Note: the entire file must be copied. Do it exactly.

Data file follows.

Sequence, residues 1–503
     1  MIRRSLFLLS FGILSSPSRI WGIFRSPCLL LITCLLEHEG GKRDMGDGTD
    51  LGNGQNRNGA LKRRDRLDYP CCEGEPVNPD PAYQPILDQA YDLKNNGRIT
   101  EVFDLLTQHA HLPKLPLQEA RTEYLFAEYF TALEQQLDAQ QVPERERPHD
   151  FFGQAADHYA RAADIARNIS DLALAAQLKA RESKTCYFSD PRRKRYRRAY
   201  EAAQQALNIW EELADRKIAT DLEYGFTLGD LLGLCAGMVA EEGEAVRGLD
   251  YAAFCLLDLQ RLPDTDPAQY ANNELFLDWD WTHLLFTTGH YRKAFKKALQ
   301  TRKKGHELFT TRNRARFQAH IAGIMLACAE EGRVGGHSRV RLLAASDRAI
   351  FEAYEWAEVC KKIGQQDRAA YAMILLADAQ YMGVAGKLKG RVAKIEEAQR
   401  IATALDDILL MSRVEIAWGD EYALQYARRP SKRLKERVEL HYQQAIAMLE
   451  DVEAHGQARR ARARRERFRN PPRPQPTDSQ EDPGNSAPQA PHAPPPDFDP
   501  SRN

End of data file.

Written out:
Sequence, residues 1–503
     1  MIRRSLFLLS FGILSSPSRI WGIFRSPCLL LITCLLEHEG GKRDMGDGTD
    51  LGNGQNRNGA LKRRDRLDYP CCEGEPVNPD PAYQPILDQA YDLKNNGRIT
   101  EVFDLLTQHA HLPKLPLQEA RTEYLFAEYF TALEQQLDAQ QVPERERPHD
   151  FFGQAADHYA RAADIARNIS DLALAAQLKA RESKTCYFSD PRRKRYRRAY
   201  EAAQQALNIW EELADRKIAT DLEYGFTLGD LLGLCAGMVA EEGEAVRGLD
   251  YAAFCLLDLQ RLPDTDPAQY ANNELFLDWD WTHLLFTTGH YRKAFKKALQ
   301  TRKKGHELFT TRNRARFQAH IAGIMLACAE EGRVGGHSRV RLLAASDRAI
   351  FEAYEWAEVC KKIGQQDRAA YAMILLADAQ YMGVAGKLKG RVAKIEEAQR
   401  IATALDDILL MSRVEIAWGD EYALQYARRP SKRLKERVEL HYQQAIAMLE
   451  DVEAHGQARR ARARRERFRN PPRPQPTDSQ EDPGNSAPQA PHAPPPDFDP
   501  SRN